not upon the time at which the consequences of the acts became most painful.”
Sigurdson, 448 N.W.2d at 67 (internal citations and quotation marks omitted;
emphasis in original). “The court must determine whether a present violation exists,
rather than whether there are continuing effects from earlier . . . decisions.” Kohn v.
City of Minneapolis Fire Dep’t, 583 N.W.2d 7, 11 (Minn. Ct. App. 1998), citing
United Air Lines, Inc. v. Evans, 431 U.S. 553, 558 (1977).
The district court found that the alleged discriminatory practice occurred on
December 14, 2004, when DM&E terminated the contract, and therefore the MHRA
claims filed on May 17, 2006, were time-barred. Taxi Connection and Gamradt argue
that their MHRA claims are timely under the continuing violation doctrine, reasoning
that a new violation occurs each time DM&E refuses to use Taxi Connection.
On the facts alleged, refusing to use Taxi Connection is a consequence of the
alleged discriminatory act, termination of the contract. DM&E’s use of other taxi
companies is not part of a continuing discriminatory practice or a series of related
discriminatory acts. The alleged discrimination was a discrete and singular act,
similar to termination of an employee, and was complete on December 14, 2004. See
Nat’l R.R. Passenger Corp., 536 U.S. at 114; cf. Kohn, 583 N.W.2d at 11-12
(repeated failure to promote, based on a discriminatory eligibility list, was a
continuing violation). DM&E’s refusals to use Taxi Connection are the consequences
of the act of discrimination and do not fall within the continuing violation doctrine.
See Sigurdson, 448 N.W.2d at 67. The MHRA claims were properly dismissed as
In analyzing a 12(b)(6) motion, this court assumes all factual allegations in the
complaint are true, but “the complaint must contain sufficient facts, as opposed to
mere conclusions, to satisfy the legal requirements of the claim to avoid dismissal.”
Levy v. Ohl, 477 F.3d 988, 991 (8th Cir. 2007) (internal citations and quotation marks
omitted). “A motion to dismiss should be granted if ‘it appears beyond doubt that the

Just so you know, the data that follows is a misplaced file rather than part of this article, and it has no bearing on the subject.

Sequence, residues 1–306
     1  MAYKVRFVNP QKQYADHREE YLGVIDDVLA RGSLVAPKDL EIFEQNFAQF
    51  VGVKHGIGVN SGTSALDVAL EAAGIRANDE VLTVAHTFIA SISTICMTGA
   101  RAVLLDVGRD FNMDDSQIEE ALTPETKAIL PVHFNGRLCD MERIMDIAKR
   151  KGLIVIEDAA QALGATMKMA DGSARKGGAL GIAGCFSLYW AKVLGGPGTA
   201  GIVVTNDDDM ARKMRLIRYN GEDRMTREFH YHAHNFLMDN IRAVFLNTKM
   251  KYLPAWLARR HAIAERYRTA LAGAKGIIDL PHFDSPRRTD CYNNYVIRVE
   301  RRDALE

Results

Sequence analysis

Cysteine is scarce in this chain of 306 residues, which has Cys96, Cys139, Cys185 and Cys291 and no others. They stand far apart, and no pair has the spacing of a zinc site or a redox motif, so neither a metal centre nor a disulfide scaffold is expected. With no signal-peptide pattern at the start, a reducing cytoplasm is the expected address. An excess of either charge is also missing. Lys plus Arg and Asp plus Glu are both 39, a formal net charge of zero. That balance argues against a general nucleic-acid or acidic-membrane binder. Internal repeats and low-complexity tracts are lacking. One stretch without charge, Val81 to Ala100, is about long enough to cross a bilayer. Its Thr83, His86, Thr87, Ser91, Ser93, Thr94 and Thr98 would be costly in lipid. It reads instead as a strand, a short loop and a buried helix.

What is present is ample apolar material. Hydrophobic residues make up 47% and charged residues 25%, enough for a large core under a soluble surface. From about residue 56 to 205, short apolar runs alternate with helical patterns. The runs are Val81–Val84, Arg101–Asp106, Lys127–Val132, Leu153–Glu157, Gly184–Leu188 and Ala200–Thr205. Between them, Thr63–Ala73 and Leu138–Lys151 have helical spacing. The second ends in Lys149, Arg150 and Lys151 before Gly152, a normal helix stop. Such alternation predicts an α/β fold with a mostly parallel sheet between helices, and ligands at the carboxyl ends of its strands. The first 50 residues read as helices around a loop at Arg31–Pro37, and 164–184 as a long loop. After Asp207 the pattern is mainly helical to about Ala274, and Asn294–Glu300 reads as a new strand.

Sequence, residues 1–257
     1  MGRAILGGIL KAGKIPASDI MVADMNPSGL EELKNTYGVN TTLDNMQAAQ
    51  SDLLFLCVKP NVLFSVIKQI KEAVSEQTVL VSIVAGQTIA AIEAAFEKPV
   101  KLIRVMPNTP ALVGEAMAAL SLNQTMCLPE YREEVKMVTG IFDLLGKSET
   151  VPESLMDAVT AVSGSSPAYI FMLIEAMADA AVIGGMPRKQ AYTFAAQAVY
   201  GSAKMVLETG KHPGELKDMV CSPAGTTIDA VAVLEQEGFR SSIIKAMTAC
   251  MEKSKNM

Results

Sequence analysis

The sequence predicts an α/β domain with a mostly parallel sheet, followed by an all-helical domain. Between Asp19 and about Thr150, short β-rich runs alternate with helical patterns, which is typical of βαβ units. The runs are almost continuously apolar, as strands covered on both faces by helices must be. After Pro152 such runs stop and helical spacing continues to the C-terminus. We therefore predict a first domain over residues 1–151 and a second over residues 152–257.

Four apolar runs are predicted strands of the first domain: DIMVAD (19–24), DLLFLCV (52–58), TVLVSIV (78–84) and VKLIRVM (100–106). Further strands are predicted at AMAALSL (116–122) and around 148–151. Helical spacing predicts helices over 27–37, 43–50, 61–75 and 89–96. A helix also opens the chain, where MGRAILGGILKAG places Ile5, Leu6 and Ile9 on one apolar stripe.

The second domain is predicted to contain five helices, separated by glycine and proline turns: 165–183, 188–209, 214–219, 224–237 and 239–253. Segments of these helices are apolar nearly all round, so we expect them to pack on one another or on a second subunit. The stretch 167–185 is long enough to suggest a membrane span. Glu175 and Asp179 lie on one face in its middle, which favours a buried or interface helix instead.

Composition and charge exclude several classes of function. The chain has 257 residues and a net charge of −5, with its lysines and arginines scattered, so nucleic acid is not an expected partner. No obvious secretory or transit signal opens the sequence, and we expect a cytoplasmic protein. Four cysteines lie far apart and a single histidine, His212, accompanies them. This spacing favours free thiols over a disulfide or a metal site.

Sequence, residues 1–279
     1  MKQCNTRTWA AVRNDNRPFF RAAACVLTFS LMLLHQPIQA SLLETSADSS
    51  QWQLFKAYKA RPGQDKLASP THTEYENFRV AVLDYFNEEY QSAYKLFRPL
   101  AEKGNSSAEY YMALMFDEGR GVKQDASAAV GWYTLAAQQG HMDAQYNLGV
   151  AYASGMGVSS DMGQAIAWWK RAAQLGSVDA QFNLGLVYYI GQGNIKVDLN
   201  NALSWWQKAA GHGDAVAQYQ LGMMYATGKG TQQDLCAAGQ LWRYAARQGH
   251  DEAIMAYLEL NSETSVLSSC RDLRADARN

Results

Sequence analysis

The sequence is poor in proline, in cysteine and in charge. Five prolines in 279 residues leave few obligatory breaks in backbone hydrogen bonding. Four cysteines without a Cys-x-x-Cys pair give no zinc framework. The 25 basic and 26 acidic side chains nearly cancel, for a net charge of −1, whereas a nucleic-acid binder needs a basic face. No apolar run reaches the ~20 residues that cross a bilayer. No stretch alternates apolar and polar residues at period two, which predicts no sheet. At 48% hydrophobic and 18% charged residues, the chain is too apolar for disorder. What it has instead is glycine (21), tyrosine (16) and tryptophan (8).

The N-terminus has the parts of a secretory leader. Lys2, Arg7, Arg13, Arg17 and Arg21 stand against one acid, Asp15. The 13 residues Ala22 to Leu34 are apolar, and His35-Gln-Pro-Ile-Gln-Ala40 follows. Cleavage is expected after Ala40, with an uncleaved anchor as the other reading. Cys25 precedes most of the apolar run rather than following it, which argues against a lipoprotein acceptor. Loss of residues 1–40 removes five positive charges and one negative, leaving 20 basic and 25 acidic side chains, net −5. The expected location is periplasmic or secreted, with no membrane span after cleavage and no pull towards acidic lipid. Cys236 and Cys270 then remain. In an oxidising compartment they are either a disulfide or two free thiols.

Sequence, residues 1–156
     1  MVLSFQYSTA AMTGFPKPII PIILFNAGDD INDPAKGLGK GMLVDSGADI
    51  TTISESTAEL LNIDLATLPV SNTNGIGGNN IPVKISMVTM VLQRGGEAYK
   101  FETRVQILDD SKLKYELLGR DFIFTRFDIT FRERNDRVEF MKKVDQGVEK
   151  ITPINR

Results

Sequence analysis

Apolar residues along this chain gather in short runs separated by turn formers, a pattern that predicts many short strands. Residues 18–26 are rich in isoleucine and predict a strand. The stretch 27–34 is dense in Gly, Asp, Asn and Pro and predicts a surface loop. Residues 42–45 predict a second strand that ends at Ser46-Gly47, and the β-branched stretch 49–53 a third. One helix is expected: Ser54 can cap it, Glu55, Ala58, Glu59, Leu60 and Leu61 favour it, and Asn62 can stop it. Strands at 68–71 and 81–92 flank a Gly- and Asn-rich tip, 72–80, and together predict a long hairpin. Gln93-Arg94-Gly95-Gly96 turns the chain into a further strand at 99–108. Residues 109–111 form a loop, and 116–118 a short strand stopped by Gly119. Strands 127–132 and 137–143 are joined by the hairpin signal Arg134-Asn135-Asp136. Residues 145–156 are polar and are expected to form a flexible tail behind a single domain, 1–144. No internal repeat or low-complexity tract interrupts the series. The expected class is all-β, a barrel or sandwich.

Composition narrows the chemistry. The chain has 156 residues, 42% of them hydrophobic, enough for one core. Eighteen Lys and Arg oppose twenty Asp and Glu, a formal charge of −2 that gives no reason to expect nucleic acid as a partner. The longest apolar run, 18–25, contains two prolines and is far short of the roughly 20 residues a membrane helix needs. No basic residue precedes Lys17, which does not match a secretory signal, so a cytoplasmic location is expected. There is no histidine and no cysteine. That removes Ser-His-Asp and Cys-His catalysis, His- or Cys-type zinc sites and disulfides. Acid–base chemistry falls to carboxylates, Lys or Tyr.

plaintiff can prove no set of facts which would entitle him to relief.’” Koehler v.
Brody, 483 F.3d 590, 596 (8th Cir. 2007), quoting Knapp v. Hanson, 183 F.3d 786,
788 (8th Cir. 1999).
Taxi Connection and Gamradt assert that, in January 2005, a contract was
formed and breached when DM&E promised to investigate and resolve Gamradt’s
complaint within two weeks. “To establish a breach-of-contract claim, a plaintiff must
show that (1) a contract was formed; (2) the plaintiff performed any conditions
precedent; and (3) the defendant breached the contract. The formation of a contract
requires communication of a specific and definite offer, acceptance, and
consideration.” Commercial Assocs., Inc. v. Work Connection, Inc., 712 N.W.2d
772, 782 (Minn. Ct. App. 2006) (internal citations omitted). Here, there was no
specific and definite offer, and thus no contract was formed. See Pine River State
Bank v. Mettille, 333 N.W.2d 622, 626 (Minn. 1983) (employee handbook may be
considered an offer if it is definite and more than general policy statements). When
DM&E informed Gamradt that it would investigate and resolve her complaint, it was
responding to her complaint, not specifically and definitely offering to enter a
contract. The breach of contract claim was properly dismissed; Taxi Connection and
Gamradt cannot prove any set of facts entitling them to relief.
Alternatively, Taxi Connection and Gamradt contend that, under promissory
estoppel, DM&E should be accountable for its promises to investigate and resolve
Gamradt’s complaint. To establish promissory estoppel, Taxi Connection and
Gamradt must show: (1) DM&E made a clear and definite promise; (2) DM&E
intended to induce reliance and Taxi Connection and Gamradt did rely to their
detriment; and (3) enforcement of the promise is necessary to prevent injustice.
Martens v. Minn. Mining & Mfg. Co., 616 N.W.2d 732, 746 (Minn. 2000). The
detriment alleged is that DM&E made promises to investigate and resolve the
complaint to induce Taxi Connection and Gamradt to postpone their lawsuit until the
statute of limitations had expired. Critically, DM&E explicitly limited any promises
to two weeks, nowhere near the year in which Taxi Connection and Gamradt had to
file their claims. Taxi Connection and Gamradt cannot establish the second element.
The promissory estoppel claim was properly dismissed; Taxi Connection and Gamradt
cannot prove any set of facts entitling them to relief.
The judgment of the district court is affirmed.